Fire Prevention Month

Posted on October 1, 2017

Smoke detectors save lives! A properly installed and maintained smoke detector can lower the chance of death in a home fire by fifty percent. Almost half of the nation’s fire fatalities occur in the six percent of homes that do not have smoke alarms. Early warning systems, such as smoke detectors, can save live and greatly reduce property damage. Most fatal fires occur at night when residents are sleeping. The best way to survive is to install and maintain a smoke detector within the home. Early fire detection and notification of residents is essential to a rapid escape to safety.

 
Once a fire starts, as you have learned, fire spreads and grows at a rapid rate and individuals may have only seconds to escape to safety. Developing a fire escape plan is very important so that your family knows what to do when a fire occurs. It is important to plan two escape routes from every room within your home. All family members should know all possible escape routes. Also, agree on a fixed location outdoors away from any danger where family members are to gather, like a tree or mailbox, so you know everyone has escaped. Practice the escape plan with your family before a real emergency occurs. If a fire occurs and there is a need for immediate escape, do not trying to contain the fire or call 9-1-1 from the home. Leave immediately and call 9-1-1 from a neighbor’s phone or from safe location. When out of danger stay out of the home, do not go back inside for any reason.
 
General Fire Safety
During a fire, do the following:
 
•                Use a fire extinguisher to put out very small fires. Do NOT try to put out a fire that you can’t control.

•                If there’s a fire that appears to be too big to put out, leave the building immediately. Once you’re

                 outside and safe, call 9-1-1 from a safe area.

•                If your clothes catch fire, do NOT run. Stop, Drop, and Roll! Stop immediately; drop to the ground;
                 cover your face; and roll about until the fire is extinguished.
•                When the smoke detector or fire alarm sounds, leave the building.
•                If smoke is consuming or filling your home, exit immediately and stay as low to the ground as
                 possible while exiting. Smoke is very dangerous to your health. If possible crawl on your hands
                 and knees to exit.
•                If a fire occurs and you are trapped within a room, close the door and do not open the door. 
•                If the door feels cool to the touch and there is no sign of smoke, open the door slowly and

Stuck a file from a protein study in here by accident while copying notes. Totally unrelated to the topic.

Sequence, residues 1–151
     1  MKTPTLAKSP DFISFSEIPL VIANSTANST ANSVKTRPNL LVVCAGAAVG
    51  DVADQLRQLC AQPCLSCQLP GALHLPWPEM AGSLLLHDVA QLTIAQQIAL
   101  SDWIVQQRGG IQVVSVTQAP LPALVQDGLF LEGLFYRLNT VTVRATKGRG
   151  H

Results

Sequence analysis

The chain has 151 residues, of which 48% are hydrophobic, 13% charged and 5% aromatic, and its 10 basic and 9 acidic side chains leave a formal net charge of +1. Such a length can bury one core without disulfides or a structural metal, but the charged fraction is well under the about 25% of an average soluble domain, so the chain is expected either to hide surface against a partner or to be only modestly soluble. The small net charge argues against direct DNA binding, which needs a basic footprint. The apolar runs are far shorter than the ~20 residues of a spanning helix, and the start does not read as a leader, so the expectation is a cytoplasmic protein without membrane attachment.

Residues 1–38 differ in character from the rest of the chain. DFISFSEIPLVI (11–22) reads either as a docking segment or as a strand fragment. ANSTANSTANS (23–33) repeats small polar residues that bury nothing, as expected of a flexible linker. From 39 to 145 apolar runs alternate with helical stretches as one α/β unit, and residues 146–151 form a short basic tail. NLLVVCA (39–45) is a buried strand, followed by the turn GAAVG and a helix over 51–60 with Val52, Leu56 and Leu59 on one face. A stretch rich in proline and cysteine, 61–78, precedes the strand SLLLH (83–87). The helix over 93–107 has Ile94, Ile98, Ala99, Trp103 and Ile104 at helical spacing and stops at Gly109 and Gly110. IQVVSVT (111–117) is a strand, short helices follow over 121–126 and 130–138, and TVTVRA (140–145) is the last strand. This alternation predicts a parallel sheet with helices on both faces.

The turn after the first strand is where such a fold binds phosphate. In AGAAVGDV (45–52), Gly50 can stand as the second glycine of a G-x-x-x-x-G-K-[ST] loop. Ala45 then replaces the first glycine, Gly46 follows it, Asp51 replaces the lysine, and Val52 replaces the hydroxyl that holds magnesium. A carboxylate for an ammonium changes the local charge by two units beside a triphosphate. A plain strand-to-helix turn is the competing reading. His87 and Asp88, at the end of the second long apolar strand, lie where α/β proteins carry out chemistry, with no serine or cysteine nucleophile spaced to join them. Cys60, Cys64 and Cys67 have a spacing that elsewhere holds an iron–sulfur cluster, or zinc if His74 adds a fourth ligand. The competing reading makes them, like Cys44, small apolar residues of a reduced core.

exit the building.
•                If the door is warm or smoke is coming under or around the door, use towels, blankets or clothing
                 to seal around the door or vents to keep smoke out. Call 9-1-1 if possible and notify them that of the
                 type of emergency, the address and that you’re trapped. To signal the fire departments, place a
                 cloth hanging outside the window or flash a flashlight to let firefighters know your location.
•                Always sleep with your bedroom door closed. This will prevent heat and smoke entering the room.

If a person or a pet is trapped inside a building, notify the firefighter first on scene. Do not attempt to rescue the trapped person.
 

Pearl River Hook and Ladder Firefighter John Redmond demonstrates various pieces of firefighting equipment for Fire Prevention Week, while Fire Commissioner Evan Devries talks to the children.   Picture by 2nd Chief Chauffeur Cory E. Clarkston (USN-Retired)

(Pearl River Hook and Ladder Firefighter John Redmond demonstrates various pieces of firefighting equipment for Fire Prevention Week, while Fire Commissioner Evan Devries talks to the children) 

Picture by 2nd Chief Chauffeur Cory E. Clarkston (USN-Retired)

 

To explore more information about fire safety, please visit the United States Fire Administration Website: www.usfa.fema.gov/citizens/index.shtm

Car Into House / Structure Fire (Sickletown Road)

Posted on October 6, 2017

      On October 6th at 02:08 hours, the Pearl River Fire Department was dispatched to a car into a house at 2 Sickletown Road, Pearl River. 44- Control advised Chief Matt Lewis (12-1) that a car was confirmed to be lodged into the house with a possible occupant trapped. Orangetown Police advised that the vehicle was now on fire. When 12-1 arrived, Chief Lewis quickly upgraded the incident as a working structure fire. 

      12-Tower, 12-1500 and 12-1250 responded to the scene. Their crews began fire suppression. While attacking the car fire, 1st Lt. Shaun Ruocco (12-5-1) and Captain Kevin Smellegar (12-4) noticed the car severed the gas service to the house. The severed gas line was feeding the fire, causing it to spread.  As the incident progressed the fire auto-exposed into the 1st floor and attic of the home.  With the help of our mutual aid companies the fire was extinguished within the hour.

       The Nanuet FD, Orangeburg FD, West Nyack FD, Nyack FD, Tappan FD, Montvale FD, the Rockland County Technical Rescue Team responded. Pearl River Ambulance and Rockland Paramedic Services provided EMS coverage. The South Spring Valley fire department provided fire coverage while Pearl River units were working the incident.

 

Res-Q-Jack Traning

Posted on October 14, 2017

On October 14th five members attended “Stabilization University” at the Bergen County Fire Academy. Stabilization University educates firefighters in the latest techniques vehicle stabilization and proper use of the Res-Q-Jack equipment. Each member became proficient in; stabilization and lifting concepts, controlled roll and advanced rollover techniques, and large vehicle lifting and other complex scenarios.